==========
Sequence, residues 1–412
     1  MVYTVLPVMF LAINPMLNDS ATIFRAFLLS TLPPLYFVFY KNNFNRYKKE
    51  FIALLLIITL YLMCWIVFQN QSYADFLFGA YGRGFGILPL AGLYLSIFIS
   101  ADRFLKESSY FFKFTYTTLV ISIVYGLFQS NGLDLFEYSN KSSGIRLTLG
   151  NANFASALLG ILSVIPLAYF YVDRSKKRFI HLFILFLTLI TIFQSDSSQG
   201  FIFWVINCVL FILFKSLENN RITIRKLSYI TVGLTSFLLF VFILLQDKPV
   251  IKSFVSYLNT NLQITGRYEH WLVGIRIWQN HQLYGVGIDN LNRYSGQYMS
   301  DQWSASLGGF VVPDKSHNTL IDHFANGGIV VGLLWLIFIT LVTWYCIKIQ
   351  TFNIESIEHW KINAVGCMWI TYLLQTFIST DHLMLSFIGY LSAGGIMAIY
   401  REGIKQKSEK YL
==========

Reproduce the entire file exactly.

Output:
Sequence, residues 1–412
     1  MVYTVLPVMF LAINPMLNDS ATIFRAFLLS TLPPLYFVFY KNNFNRYKKE
    51  FIALLLIITL YLMCWIVFQN QSYADFLFGA YGRGFGILPL AGLYLSIFIS
   101  ADRFLKESSY FFKFTYTTLV ISIVYGLFQS NGLDLFEYSN KSSGIRLTLG
   151  NANFASALLG ILSVIPLAYF YVDRSKKRFI HLFILFLTLI TIFQSDSSQG
   201  FIFWVINCVL FILFKSLENN RITIRKLSYI TVGLTSFLLF VFILLQDKPV
   251  IKSFVSYLNT NLQITGRYEH WLVGIRIWQN HQLYGVGIDN LNRYSGQYMS
   301  DQWSASLGGF VVPDKSHNTL IDHFANGGIV VGLLWLIFIT LVTWYCIKIQ
   351  TFNIESIEHW KINAVGCMWI TYLLQTFIST DHLMLSFIGY LSAGGIMAIY
   401  REGIKQKSEK YL